EVEN THOUGH THIS BOOK was first written primarily for Christians, in this current revision I have attempted to broaden the scope to include everyone, whether Christian (by belief or by culture) or not. But while there are a few other religions that make a similar emphasis—and I am thinking particularly of True Pure Land (Jōdo Shinshū) Buddhism in Japan—the emphasis on grace is far more prominent in Christianity than in most other religions. But in spite of being less inclusive in this chapter, I still firmly believe that this chapter about the meaning and importance of grace is something that, truly, everyone needs to know.
Before writing this final chapter, I read Philip Yancey’s outstanding book What’s So Amazing About Grace? for the third time. I consider Yancey’s book one of the most significant books I have read over the last twenty years.
In the first chapter of his book, Yancey calls grace “our last best word,” and laments the “shortage of grace within the church.” I fully agree with his assessment, so I decided to write about grace for this last chapter of Thirty Things Everyone Needs to Know Now. We need to be reminded constantly that for the Christian—or for anyone for that matter—God’s first and last word is always grace.
I have been reading and thinking about God’s grace for most of my adult life. One of the first good books about grace that I read maybe almost sixty years ago was penned by R. Lofton Hudson, a Baptist pastor and counselor. His book was titled Grace Is Not a Blue-Eyed Blond.
Sometime before writing his book, the author was talking with a man who attended church only occasionally. Hudson asked him “What do you think of when I say the word grace?” The man’s quick reply, “Why, Grace is a blue-eyed blond!” Well, not many who read this book will identify grace in such a manner, but many may need to have a deeper, more nearly adequate understanding of grace and the importance it has, or should have, in our lives.
Grace vs. Works
In the history of Christianity, there has often been tension between grace and “works.” In the fifth century, Augustine, often said to be “the father of Western theology,” made a strong emphasis on grace. His teaching on grace, though, was linked to predestination in opposition to Pelagius, the English monk who placed great emphasis on human free will.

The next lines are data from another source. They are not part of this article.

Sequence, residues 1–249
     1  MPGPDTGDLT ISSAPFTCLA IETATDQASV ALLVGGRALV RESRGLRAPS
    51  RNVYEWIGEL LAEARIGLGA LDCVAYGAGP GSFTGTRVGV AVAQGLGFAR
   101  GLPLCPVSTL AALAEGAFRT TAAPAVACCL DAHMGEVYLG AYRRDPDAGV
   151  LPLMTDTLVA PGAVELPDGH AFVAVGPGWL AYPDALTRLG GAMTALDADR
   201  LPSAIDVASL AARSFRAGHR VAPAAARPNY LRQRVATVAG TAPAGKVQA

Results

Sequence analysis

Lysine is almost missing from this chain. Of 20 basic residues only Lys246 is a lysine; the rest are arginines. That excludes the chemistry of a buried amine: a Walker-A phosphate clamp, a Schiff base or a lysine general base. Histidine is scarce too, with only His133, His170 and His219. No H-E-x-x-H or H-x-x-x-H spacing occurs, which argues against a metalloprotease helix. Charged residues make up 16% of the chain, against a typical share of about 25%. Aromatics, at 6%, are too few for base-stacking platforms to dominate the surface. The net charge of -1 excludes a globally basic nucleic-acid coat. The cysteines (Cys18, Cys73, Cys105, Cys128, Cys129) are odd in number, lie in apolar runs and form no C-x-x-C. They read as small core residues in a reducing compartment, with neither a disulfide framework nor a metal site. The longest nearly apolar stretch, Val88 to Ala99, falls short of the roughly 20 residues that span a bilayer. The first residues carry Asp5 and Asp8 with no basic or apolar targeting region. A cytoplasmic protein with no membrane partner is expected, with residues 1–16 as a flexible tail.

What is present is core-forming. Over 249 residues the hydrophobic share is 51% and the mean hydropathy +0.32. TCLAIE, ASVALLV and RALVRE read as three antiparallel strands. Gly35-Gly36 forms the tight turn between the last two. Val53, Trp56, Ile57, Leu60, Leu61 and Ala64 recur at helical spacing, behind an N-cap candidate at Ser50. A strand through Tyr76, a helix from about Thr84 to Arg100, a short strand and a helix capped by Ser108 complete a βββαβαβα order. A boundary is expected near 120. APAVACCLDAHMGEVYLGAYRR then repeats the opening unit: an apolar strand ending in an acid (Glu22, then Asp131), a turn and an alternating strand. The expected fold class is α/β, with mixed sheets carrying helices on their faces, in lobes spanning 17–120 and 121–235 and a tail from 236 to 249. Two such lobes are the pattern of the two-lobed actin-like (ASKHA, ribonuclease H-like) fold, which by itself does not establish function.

Augustine’s teaching was adopted by the Roman Catholic Church and Pelagius’ ideas were rejected. This might be considered a victory for grace, but gradually grace came to be seen more and more as something that was primarily dispensed by the church. Moreover, it came to be emphasized that it was through the sacraments that God’s grace was made available to ordinary people, and that grace was efficacious whether there was concomitant faith or not.
By the beginning of the sixteenth century, the emphasis on grace was greatly overshadowed by the need to raise money for the Church. Partly to pay for the reconstruction of St. Peter’s Basilica, emphasis was placed on the “sale” of indulgences.
Long before the beginning of the new construction of St. Peter’s in 1506 until the present, the Roman Catholic Church has held to belief in indulgences. According to Pope Paul VI, “An indulgence is the remission before God of the temporal punishment due to sins already forgiven as far as their guilt is concerned.” In the past, giving alms was one of several ways indulgences could be obtained, so it came to pass that making a contribution to the church was seen as a way to acquire an indulgence. Thus, making a special offering became virtually the same as buying an indulgence.
The “sale” of indulgences in the Holy Roman Empire near where Martin Luther lived (in present day Germany) was especially successful through the endeavors of one Johann Tetzel, who is said to have used the slogan translated into English as,
As soon as a coin in the coffer rings
The soul from purgatory springs!
Martin Luther, a relatively young priest and professor of theology at the new University of Wittenberg, was especially troubled by the way indulgences were being handled as well as by other matters in the Roman Catholic Church. He felt constrained to work toward reform of what he thought were clearly erroneous theological beliefs and practices of the Church at that time. His nailing of the ninety-five theses to the door of the Wittenberg Church on October 31, 1517, was primarily an announcement of his desire to debate the matters about which he was troubled.
One of Luther’s central emphases was upon sola fide, which means “by faith alone.” That was his declaration that salvation, or justification with God, was by means of faith alone, apart from any works performed by us sinful humans. But that pivotal affirmation was accompanied by his emphasis on sola gratia, “by grace alone.” This means, of course, that salvation comes by God’s grace only, not as something merited by the sinner. Thus, this Lutheran (Protestant) doctrine rejects the idea that salvation is something that can be attained by good works or other human activities.